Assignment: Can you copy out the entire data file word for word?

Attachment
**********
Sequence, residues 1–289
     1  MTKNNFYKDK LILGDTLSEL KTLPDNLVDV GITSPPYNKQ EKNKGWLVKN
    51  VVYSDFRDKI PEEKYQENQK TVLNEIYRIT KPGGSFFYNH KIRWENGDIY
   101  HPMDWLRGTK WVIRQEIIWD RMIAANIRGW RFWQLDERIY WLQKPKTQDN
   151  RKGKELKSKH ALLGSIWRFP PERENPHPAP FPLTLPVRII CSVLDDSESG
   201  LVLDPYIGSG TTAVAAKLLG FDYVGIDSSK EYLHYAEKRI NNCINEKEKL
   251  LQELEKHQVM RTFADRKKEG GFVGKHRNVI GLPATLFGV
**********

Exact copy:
Sequence, residues 1–289
     1  MTKNNFYKDK LILGDTLSEL KTLPDNLVDV GITSPPYNKQ EKNKGWLVKN
    51  VVYSDFRDKI PEEKYQENQK TVLNEIYRIT KPGGSFFYNH KIRWENGDIY
   101  HPMDWLRGTK WVIRQEIIWD RMIAANIRGW RFWQLDERIY WLQKPKTQDN
   151  RKGKELKSKH ALLGSIWRFP PERENPHPAP FPLTLPVRII CSVLDDSESG
   201  LVLDPYIGSG TTAVAAKLLG FDYVGIDSSK EYLHYAEKRI NNCINEKEKL
   251  LQELEKHQVM RTFADRKKEG GFVGKHRNVI GLPATLFGV